Do Not Use Low-Molecular-Weight Heparin in Patients with Epidurals

Do Not Use Low-Molecular-Weight Heparin in Patients with Epidurals

Awori J. Hayanga MD

Elliott R. Haut MD

Neuraxial anesthesia and analgesia (either by perioperative spinal or postoperative epidural catheter) has been shown to significantly improve pain control and other outcomes after major surgery as well as for trauma patients with multiple rib fractures. Simultaneously, data have shown lower rates of venous thromboembolic events in patients receiving chemical venous thromboembolic event prophylaxis with some form of anticoagulant (i.e., unfractionated or low-molecular-weight heparin [LMWH]). However, the concomitant use of anticoagulants and spinal or epidural anesthesia can result in the rare, but potentially devastating, spinal hematoma.

Patients with significant uncorrected bleeding disorders and those receiving anticoagulation are at significantly elevated risk of developing spinal hematoma in the setting of neuraxial anesthesia. The diagnosis of spinal hematoma is complicated by the concealed nature of the bleeding. A high index of suspicion must be maintained. Patients who have neurologic findings (e.g., weakness, decreased sensation, or incontinence) after undergoing a lumbar puncture or receiving spinal or epidural analgesia require emergent evaluation for possible spinal hematoma. Back pain is a common finding but is not present in all cases. Detailed physical examination should also include a rectal exam to evaluate tone. These physical examination findings should not be simply attributed to the epidural anesthetic. A computed tomography (CT) scan can often be obtained rapidly and may yield the diagnosis. However, magnetic resonance imaging (MRI) or myelography may be necessary for definitive diagnosis.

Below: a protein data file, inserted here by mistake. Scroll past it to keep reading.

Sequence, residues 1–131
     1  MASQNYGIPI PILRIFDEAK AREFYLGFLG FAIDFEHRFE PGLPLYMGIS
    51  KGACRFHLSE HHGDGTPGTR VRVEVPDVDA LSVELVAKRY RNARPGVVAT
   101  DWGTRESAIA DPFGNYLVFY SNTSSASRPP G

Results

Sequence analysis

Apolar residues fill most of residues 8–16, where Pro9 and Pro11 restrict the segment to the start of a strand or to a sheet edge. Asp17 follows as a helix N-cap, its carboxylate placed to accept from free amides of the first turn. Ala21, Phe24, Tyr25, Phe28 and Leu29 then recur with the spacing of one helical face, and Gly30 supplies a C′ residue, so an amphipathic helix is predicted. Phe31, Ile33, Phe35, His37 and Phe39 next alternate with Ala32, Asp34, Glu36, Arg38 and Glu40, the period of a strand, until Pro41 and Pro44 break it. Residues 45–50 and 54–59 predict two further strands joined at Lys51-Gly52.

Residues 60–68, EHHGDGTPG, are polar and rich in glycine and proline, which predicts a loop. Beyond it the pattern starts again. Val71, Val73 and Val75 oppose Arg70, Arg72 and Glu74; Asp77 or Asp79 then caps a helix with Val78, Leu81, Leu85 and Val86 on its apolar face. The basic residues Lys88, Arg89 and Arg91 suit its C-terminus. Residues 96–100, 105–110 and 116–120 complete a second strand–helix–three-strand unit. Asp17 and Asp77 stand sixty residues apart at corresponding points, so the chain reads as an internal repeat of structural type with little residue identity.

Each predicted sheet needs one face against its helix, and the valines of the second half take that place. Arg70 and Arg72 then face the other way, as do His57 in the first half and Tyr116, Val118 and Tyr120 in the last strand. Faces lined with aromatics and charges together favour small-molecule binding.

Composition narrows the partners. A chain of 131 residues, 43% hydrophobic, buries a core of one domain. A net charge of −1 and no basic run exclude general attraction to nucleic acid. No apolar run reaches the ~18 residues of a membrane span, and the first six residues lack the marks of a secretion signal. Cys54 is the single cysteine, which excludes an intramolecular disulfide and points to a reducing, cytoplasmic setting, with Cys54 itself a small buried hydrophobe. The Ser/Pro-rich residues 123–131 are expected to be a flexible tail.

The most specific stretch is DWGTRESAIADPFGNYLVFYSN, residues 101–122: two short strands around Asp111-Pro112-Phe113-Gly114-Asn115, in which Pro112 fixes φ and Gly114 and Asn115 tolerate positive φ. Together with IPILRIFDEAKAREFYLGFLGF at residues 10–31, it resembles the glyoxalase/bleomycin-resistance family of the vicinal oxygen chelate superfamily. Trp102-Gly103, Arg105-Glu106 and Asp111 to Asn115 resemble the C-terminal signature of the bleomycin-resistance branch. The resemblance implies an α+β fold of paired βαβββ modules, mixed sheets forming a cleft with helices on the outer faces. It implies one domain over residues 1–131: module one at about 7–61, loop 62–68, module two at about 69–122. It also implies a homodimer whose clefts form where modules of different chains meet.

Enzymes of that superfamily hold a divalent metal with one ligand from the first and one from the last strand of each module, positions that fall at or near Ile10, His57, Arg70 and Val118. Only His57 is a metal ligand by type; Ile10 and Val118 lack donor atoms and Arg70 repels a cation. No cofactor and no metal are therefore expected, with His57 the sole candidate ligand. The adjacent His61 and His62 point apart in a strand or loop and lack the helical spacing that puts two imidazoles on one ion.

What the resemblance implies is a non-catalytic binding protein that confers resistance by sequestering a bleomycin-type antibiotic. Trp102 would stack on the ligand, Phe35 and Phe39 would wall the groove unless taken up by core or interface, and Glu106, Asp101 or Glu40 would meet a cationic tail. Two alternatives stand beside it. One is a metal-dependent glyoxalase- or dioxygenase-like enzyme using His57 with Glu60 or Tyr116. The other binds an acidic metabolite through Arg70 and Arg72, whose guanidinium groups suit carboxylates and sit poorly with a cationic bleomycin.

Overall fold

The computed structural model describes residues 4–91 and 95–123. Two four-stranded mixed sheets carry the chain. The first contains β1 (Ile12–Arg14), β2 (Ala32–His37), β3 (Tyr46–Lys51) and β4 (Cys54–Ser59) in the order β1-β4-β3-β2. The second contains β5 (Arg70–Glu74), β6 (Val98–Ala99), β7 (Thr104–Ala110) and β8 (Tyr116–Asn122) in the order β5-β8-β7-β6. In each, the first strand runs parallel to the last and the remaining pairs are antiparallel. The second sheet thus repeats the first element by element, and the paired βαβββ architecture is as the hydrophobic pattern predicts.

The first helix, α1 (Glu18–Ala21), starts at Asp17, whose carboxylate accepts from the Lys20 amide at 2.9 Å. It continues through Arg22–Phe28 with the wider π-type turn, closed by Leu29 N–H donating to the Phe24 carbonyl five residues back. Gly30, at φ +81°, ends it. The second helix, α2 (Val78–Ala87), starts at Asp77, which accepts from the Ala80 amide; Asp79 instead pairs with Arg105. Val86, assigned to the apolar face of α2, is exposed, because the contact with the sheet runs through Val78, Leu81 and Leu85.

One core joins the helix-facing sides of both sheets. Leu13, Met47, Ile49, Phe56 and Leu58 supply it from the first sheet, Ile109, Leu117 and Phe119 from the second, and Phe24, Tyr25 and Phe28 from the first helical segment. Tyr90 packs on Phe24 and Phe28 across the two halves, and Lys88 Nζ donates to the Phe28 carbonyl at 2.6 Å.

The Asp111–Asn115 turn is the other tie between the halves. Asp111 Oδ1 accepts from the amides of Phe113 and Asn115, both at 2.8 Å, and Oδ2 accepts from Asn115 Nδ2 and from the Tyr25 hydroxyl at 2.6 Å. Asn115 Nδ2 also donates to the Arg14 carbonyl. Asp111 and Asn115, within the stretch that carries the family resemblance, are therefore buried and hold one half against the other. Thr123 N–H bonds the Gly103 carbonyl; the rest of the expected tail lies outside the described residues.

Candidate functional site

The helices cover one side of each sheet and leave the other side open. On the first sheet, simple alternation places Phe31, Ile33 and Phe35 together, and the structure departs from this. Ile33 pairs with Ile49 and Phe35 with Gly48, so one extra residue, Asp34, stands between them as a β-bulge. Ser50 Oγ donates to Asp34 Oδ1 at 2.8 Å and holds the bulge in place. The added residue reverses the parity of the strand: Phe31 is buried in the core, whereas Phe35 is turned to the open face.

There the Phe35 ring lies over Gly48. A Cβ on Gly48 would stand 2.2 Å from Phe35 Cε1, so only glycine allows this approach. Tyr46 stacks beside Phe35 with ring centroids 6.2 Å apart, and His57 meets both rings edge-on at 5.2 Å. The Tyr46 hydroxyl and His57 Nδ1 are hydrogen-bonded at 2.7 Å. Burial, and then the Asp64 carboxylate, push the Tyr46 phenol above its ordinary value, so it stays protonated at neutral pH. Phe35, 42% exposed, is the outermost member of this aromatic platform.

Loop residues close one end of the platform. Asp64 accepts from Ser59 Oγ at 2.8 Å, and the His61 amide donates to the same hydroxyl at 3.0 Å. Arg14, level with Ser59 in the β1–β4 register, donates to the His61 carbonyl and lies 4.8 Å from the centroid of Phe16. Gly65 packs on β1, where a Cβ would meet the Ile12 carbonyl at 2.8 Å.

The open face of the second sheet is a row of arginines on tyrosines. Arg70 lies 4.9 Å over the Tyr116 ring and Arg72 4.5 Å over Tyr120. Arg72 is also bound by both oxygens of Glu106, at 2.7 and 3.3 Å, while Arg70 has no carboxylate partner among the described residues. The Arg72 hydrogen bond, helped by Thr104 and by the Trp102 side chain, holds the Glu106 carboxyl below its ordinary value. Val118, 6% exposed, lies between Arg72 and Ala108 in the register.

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Jul 1, 2016 | Posted by in ANESTHESIA | Comments Off on Do Not Use Low-Molecular-Weight Heparin in Patients with Epidurals
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